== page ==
The DVD version of the films is presented in 2.35:1 anamorphic widescreen transfer, which in all honestly looks pretty bad. It's yet another screener provided by Fox with less than stellar looking visual for what should have, at the very least, been something of a visually interesting film. The image looks rather soft throughout, with colors making little impression, digital artifacting is apparent during the action scenes. There is, however, no grain or wearing on the image that was readily apparent.
The audio comes in a standard Dolby Digital 5.1 mix and a DTS version of the same track. There really isn't much weight behind either and it's hard to say whether it's the fault of the filmmaker's or this transfer. Still dialogue comes through clear enough but surrounds aren't really exploited to their advantage during the battle scenes. However, the score does come through rather well, which gives both mixes a bit more to chomp on. Overall, the mix isn't hugely impressive but it isn't a complete wash either.
The two disc set comes jam packed with a slew of extras, the first being a feature length audio commentary by the director. He's undeniably proud over his first directorial effort and goes on to discuss the standard audio commentary staples such as the making of, development and working with the actors.
Disc two houses the rest of the extras. The fist is "Inside the Inheritance Trilogy: The Magic of Eragon," which is essentially a chance for Christopher Paolini to discuss his novel and his general thoughts on his creation, while defending it against criticisms.
"The Inhabitants of Alagaësia" Finds the director taking us through discussion of the worlds inhabitants and the characters: that populate the film.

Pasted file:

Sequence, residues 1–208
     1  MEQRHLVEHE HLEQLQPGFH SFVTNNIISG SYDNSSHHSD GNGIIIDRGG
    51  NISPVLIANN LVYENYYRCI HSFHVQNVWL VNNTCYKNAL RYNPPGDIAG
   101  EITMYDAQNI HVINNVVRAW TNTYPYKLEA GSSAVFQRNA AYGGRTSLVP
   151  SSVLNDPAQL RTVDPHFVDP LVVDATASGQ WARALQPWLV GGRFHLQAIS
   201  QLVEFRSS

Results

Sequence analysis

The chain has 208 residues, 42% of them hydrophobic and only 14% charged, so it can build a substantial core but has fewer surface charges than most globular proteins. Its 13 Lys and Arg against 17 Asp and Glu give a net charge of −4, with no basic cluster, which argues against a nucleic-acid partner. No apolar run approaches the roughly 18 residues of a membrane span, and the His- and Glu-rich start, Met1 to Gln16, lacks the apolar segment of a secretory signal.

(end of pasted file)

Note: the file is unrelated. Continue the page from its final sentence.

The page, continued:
"Vision of Eragon," is a glimpse at Fangmeier's storyboards for the film, along with commentary by the director. A concept gallery is also included in the film. It's interesting to see that the film did have a great deal of planning put into it from the beginning, which is a bit odd considering how the film turned out.
"Extended and Deleted Sequences," is exactly as it sounds, a series of deleted and extended scenes from the film. None of it is really all that impressive or interesting.
"Saphira's Animation Guide" is actually one of the more interesting extra as it looks at Saphira's design. Fangmeier discusses the various ways in which they approached the dragon's conception and how they wanted to make her "cute" rather scary. "The Secrets of Alagaësia" is a look at eh films special effects with some of the crew members on hand to take us through the process.
Also included is "An Interview with author Christopher Paolini regarding Eldest" focuses on Paolini as he discusses his second book in his trilogy and throws in a few hints as what's to come in the third book.
Rounding out the extras are "Trailers," "Video Game Ads," "A Pronunciation Guide," "Storyboard Gallery," and "Lost Storyboard Gallery."
The problem with "Eragon" may rest with the source material, which has been both praised and criticized for it derivative nature. Having never read the book I can't really say whether or not the criticism is warranted, or the praise for that matter. Nevertheless, what the movie ends up being is a plodding journey through very familiar territory.